Shyness and ADHD
Throughout my childhood I was labelled painfully shy.
In class I wouldn't ask questions or volunteer answers, oral exams were terrifying and going into a shop which wasn't self service was something I avoided as much as possible.
I missed out on so many opportunities because I refused to participate. I was afraid of everyone and terrified of making a fool of myself.
This description from Wikipedia perfectly describes who I was.
"The primary defining characteristic of shyness is a largely ego-driven fear of what other people will think of a person's behavior. This results in a person becoming scared of doing or saying what he or she wants to out of fear of negative reactions, being laughed at or humiliated, criticism, and/or rejection. A shy person may simply opt to avoid social situations instead."
Shortly before she died, my Mom described me as her "daydreamer child" and as I have learned more about ADHD, I think I understand what happened to me and no doubt what happens to others with the condition, particularly those who have the Inattentive type.
Like most people with ADHD - I am of the Combined Type (inattentive and hyperactive) and I am super impulsive. The Inattentive Type is the typical day-dreamer and we spend hours in our heads.
We don't cause chaos in the classroom and are often regarded as "model pupils". Of course if you don't ask (or answer) questions it hampers the learning process as there is no guarantee you have understood or heard what has been taught.
I am surmising, but it makes sense to me that as a child I was probably in my own world when the teacher would ask me a question. I would be humiliated because I couldn't answer or I would impulsively blurt something out to cover for my inattention. I was probably laughed at a few times. I know my family teased me for being shy and of course it became a pattern. To avoid looking a fool I wouldn't take risks, I wouldn't join clubs or do anything where I might fail.
Another typical characteristic of ADHD is that we are often clumsy which adds to our feelings of incompetence. The reason we are clumsy is not always because we have poor muscle control but rather because we are not paying attention and we mis-judge corners, steps etc.
In our house we have a blank wall at the end of our passage dividing our bedroom from the bathroom. I frequently walk down the passage intending to go the bathroom, see something on the bed and walk straight into the wall because I can't decide which direction to go.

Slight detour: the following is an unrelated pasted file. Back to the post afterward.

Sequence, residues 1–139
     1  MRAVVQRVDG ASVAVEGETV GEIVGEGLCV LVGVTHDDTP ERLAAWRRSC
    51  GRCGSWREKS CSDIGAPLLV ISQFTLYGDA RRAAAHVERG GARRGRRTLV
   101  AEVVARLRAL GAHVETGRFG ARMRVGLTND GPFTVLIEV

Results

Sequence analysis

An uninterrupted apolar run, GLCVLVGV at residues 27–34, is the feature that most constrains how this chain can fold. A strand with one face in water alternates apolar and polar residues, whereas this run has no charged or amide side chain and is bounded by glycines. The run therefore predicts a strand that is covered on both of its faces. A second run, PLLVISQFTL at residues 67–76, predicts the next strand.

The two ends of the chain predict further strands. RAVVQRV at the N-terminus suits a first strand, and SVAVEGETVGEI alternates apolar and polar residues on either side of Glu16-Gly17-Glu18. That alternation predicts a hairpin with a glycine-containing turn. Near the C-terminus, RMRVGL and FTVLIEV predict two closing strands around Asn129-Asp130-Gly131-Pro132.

As an adult I can now laugh about it even though it is still embarrassing but as a child it was just another indicator of how stupid I was.
When I was in my early 20s a friend said to me that "shyness is simply vanity, people don't care about you that much". This was mortifying for me to hear and I forced myself to start doing things but it was hard. My self esteem was non-existent and I couldn't find the balance between being confident and aggressive.
It is only since I started the Living_ADDventure_Coaching_Process.pdf that I learned how to love myself, to value myself and become more confident in my abilities and to accept who I am. I am also more careful about the way I drive, I walk more slowly (when I remember) and I am never afraid to ask questions anymore no matter how silly they may seem.
I am still not a wild extrovert and never will be but I no longer live with that terrible fear of failure. If I do fail, which I do pretty regularly because I am continually pushing myself to be a better person, I can forgive myself, apologise and move on.
Life is good.
Know The Jargon - ADHD Acronyms
Here are some of the common ADHD acronyms and what they mean
ADDer - a person who has ADHD or ADD
ADHD - Attention Deficit Hyperactive Disorder
ADD - Attention Deficit Disorder
SCT - Sluggish Cognitive Tempo - new name for ADD
ODD - Oppositional Defiance Disorder
CD - Conduct Disorder
OCD - Obsessive Compulsive Disorder
Bi-polar - Bi-polar Disorder, used to be Manic-Depression
SPD - Sensory Processing Disorder
PTSD - Post Traumatic Stress Disorder
SAD - Seasonal Affective Disorder
ACT - Action Consequence Trigger - monitoring forms devised and supplied by Living ADDventure®